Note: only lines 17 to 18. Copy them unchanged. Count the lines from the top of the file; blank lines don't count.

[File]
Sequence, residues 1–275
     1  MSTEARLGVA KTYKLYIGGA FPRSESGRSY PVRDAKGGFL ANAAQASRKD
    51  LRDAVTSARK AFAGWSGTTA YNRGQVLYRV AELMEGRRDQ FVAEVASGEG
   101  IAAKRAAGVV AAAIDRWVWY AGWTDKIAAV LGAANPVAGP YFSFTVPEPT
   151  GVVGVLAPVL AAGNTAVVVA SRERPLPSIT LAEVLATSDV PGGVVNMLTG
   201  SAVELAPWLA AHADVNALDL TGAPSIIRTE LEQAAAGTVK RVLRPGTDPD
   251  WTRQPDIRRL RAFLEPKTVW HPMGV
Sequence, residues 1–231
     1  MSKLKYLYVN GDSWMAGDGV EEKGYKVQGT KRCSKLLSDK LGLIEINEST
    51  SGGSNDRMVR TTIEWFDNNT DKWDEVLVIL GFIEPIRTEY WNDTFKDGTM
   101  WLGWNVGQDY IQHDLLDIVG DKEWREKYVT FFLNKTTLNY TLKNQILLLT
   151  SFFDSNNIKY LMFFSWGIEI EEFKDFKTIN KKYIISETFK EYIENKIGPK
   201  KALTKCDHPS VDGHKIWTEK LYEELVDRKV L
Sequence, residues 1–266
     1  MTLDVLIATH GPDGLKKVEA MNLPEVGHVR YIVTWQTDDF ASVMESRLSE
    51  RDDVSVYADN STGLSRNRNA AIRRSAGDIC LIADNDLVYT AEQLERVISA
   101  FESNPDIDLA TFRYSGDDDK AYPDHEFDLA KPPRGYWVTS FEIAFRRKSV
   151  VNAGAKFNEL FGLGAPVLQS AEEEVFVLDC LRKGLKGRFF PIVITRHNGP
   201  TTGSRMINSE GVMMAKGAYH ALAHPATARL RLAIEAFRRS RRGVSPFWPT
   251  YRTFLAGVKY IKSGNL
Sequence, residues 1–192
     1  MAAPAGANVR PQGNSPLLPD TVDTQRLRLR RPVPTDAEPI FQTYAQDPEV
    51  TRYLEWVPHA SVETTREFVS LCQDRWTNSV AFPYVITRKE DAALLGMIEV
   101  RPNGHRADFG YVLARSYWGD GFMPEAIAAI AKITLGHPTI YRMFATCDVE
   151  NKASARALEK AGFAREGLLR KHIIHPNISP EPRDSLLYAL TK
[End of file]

   101  FESNPDIDLA TFRYSGDDDK AYPDHEFDLA KPPRGYWVTS FEIAFRRKSV
   151  VNAGAKFNEL FGLGAPVLQS AEEEVFVLDC LRKGLKGRFF PIVITRHNGP